Unfortunately, those interactions turn out to be a fairly small part of The Long Journey Home. The vast majority of a playthrough involves either easing the ship into a planet’s orbit or sending the lander down to a planet’s surface to scrounge for gases and metals needed to refuel or repair the craft, or to pick up the “exotic” matter needed to power the jump drive when I wanted to port to a neighboring star. Both minigames are 2D and factor in a given planet’s gravity, which appeals to the science nerd inside me in a simplified Kerbal Space Program sort of way. Both require a careful dance of the left and right mouse buttons; in space you use the left button to fire off lightweight “thrusts” for precision maneuvering and the right for “boosts” that guzzle fuel and propel you from a big planet’s orbit. When you visit a planet with the lander, you use the left mouse button to thrust upward and the right to thrust downward.
It feels like an interplanetary hole in one.
The orbiting is the easiest to adapt to, as it requires carefully adjusting your speed and direction on a top-down map of a solar system in order to slip into a planet’s orbit, with the help of a guide that projects your current trajectory. I still find myself crashing into planets after hours of practice, but these are understandable failures with a basis in my impatience. When I find that patience, I also find that The Long Journey Home presents few greater pleasures than coasting straight into a planet’s orbit from the other side of a solar system without overshooting it or colliding with it. It feels like an interplanetary hole in one.
I had much more trouble mastering the annoying 2D lander minigame, in which it feels almost impossible to avoid damage to the craft on anything besides a planet with low gravity. For that matter, you almost always have to factor in elements in addition to gravity, whether it’s winds, heat, or earthquakes. And then you’re expected to land on a ridiculously precise section of a planet for drilling to extract resources, and drilling itself guzzles as much fuel as a boost on the ship.
The bumps and bruises you get from botched attempts aren’t mere “aw, shucks” moments. They’re life-threatening, damaging not only your craft but often breaking the bones of your crewmembers in the process. Upgrades you can pick up from quests of vendor help, yes, but it’s always challenging. (And using a controller is far worse as far as I’m concerned, though I’ve also heard people say the opposite.)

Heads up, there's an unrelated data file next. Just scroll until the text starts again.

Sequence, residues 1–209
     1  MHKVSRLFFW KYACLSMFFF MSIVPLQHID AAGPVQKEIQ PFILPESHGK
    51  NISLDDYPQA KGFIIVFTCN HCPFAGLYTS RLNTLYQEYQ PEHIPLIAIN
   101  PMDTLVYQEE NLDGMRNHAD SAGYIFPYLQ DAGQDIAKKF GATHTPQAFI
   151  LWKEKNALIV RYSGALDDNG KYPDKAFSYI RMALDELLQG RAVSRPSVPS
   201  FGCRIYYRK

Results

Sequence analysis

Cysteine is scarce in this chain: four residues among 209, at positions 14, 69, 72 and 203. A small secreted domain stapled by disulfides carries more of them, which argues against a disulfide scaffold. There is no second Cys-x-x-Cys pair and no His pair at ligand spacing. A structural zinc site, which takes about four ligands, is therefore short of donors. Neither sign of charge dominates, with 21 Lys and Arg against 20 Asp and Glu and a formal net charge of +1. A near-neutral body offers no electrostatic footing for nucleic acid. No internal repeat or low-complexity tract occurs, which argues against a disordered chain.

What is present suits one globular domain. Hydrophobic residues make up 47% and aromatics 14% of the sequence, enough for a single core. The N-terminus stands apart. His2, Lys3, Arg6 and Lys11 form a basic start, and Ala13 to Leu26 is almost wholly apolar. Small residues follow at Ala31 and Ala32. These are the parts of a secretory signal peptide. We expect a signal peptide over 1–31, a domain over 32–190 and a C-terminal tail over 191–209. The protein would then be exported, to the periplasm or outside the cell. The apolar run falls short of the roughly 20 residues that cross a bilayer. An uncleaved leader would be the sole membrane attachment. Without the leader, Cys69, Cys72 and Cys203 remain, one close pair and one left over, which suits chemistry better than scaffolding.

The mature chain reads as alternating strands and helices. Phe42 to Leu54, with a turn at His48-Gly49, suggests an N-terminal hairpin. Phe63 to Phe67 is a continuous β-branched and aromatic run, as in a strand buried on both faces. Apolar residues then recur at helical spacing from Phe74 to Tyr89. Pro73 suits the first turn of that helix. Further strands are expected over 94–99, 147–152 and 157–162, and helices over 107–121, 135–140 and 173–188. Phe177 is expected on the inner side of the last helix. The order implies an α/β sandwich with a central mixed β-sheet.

We’ve already seen how The Long Journey Home attempts to make life painful at almost every turn, but the unkindest cut of all is the way these frequent planetary expeditions yield so few resources. Even when I managed to fill my lander’s entire cargo space with fuel, for instance, I cringed when I returned to the ship and discovered that all my efforts barely filled a fourth of my almost-empty tank. I’d been desperate for fuel, and now my lander was damaged and my pilot was injured.
Hull damage is far more harrowing, as it seems as though you’ll never get enough supplies from the multiple different resources available to patch it up like new. Maybe the virtually unavoidable damage wouldn’t be so annoying if you could avoid high-risk or high-gravity planets save in dire emergencies, but The Long Journey Home’s stinginess means you’ll want – or need – to mine almost every chance you get.
And then, if you’ve somehow managed to survive multiple landings, you’ll still have to battle with scrappy alien ships in top-down battles that bear a passing resemblance to Star Control 2. You’re only allowed to fire off broadside attacks, which would be manageable if there were a targeting reticule to show your line of fire. But having to eyeball the aim while you steer using the same glacial thrusts and boosts used for planetary orbits, and while the enemy craft spits out nimble fighter ships that pelt you relentlessly while you’re still trying to turn around seems like a bit much. Like so much of The Long Journey Home, these fights are good in concept but maddening in practice.